• 1. Bloggers and Citizen Journalists are not the enemy. In fact, they could help strengthen newspapers’ bond with their readers and provide valuable content. So says John Wilpers, a veteran journalist who is now working as a consultant. He said journalists shouldn’t think of bloggers as replacements. Instead, think of them as covering something journalists don’t. Journalists are still needed, but so are bloggers. He noted that in his experience, some bloggers he has worked with became the best word-of-mouth advertisers for the newspaper. He convinced me.
  • 2. There are innovative journalists out there taking chances — and succeeding. Susan Goldberg, editor of The Plain Dealer, described how eight newspapers in Ohio share stories and work on projects together. What makes this surprising is these newspapers have different owners. Goldberg described how this sharing has allowed them to pay for state-wide polling and provide more depth of coverage on the state as a whole. They don’t share everything. If there is an area of competition, it remains. However, they do share stories daily and run the stories with the original bylines.
  • 3. There is not a one-size-fits-all solution for newspapers and online news providers. Butch Ward, managing director and faculty member of The Poynter Institute, noted that each organization is going to have to explore ideas and take a chance on those that might work for it. There is no easy fix to attracting readers and making money.
  • The seminar continues through Wednesday. I’ll post more highlights here later this week.

    Seminar to focus on newspaper newsrooms

    Starting tomorrow, I’ll be blogging and tweeting (@marducey) from the Beyond the Newsroom Seminar being sponsored by the American Press Institute and The Poynter Institute.

    The seminar focuses on ways newsrooms are tackling providing quality journalism in cash-strapped times. Speakers include author and media blogger Jeff Jarvis of Buzz Machine, and Charles Lewis of the Investigative Reporting Workshop.

    I’m looking forward to learning about ideas being worked on in the newsroom trenches and to sharing that with you. I’d be remiss if I did not thank the James H. Ottaway Fellowship program for making it possible for me to attend API’s seminar.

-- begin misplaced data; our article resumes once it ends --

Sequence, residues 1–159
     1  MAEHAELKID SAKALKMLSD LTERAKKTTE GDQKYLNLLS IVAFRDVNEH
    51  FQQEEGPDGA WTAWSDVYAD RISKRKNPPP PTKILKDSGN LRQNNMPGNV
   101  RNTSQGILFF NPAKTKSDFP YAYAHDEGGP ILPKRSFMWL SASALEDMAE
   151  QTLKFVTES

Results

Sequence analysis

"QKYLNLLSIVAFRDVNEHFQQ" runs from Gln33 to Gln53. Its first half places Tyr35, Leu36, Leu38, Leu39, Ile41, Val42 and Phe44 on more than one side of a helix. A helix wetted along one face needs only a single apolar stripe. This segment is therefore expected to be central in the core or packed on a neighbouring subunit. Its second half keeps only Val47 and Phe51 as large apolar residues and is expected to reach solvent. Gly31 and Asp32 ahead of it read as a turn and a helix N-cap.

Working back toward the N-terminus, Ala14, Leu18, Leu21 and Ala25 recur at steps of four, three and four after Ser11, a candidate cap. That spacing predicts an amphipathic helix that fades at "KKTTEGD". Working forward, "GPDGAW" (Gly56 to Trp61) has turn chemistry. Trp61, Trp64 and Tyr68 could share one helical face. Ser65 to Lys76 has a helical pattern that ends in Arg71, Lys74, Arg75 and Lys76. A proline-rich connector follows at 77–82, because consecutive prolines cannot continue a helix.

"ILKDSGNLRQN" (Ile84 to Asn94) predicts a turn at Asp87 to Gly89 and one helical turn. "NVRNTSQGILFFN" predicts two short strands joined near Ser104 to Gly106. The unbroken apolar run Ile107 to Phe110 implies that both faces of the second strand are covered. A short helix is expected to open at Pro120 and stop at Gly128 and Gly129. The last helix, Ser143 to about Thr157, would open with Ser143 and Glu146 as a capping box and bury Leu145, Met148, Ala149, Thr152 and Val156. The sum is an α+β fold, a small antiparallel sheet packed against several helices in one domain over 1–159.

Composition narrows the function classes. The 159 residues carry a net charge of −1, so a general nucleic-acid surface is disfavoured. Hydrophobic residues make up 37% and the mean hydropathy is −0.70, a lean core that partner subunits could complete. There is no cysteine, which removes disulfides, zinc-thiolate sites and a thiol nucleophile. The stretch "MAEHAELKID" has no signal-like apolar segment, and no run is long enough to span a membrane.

If you are a jounajunkie like me, I encourage you to check out the American Press Institute’s offerings. In addition to opportunities to learn about the newspaper industry, the group offers a number of fellowships to make its programs accessible.

    Times media law article enlightens

    Here’s the good news: Some news organizations are not letting up on legal cases to get records and information.

    Here’s the bad news: Some are.

    Tim Arango of the New York Times wrote an excellent piece about how Hearst and the Associated Press are continuing to fight for legal records, even if it costs them.

    Unfortunately, he also writes that smaller news organizations — regional and local — have had to cut legal costs along with other costs. And the head of the Reporters Committee for Freedom of the Press told him that she’s hearing about hard times for media lawyers.

    I hope the Times continues to follow up on this issue. At a time when cost-cutting is the norm in the news industry, we must monitor how this cost-cutting is impacting journalism’s watchdog role.

    Kudos to the Times for doing just that.

    Media Law Case of the Week

    When is a libel threat really an attempt to muffle criticism, in particular press criticism?

    Journalists at an Italian newspaper, La Repubblica, argue that Italian Prime Minister Silvio Berlusconi is trying to use his libel suit against the paper to do just that — shut up opposing voices, according to UK newspaper The Guardian.

    And what did this paper do that the Prime Minister did not like?

    La Repubblica has asked that Berlusconi answer “10 New Questions” about his relationships with several women — some of whom are reported to be prostitutes and at least one a minor.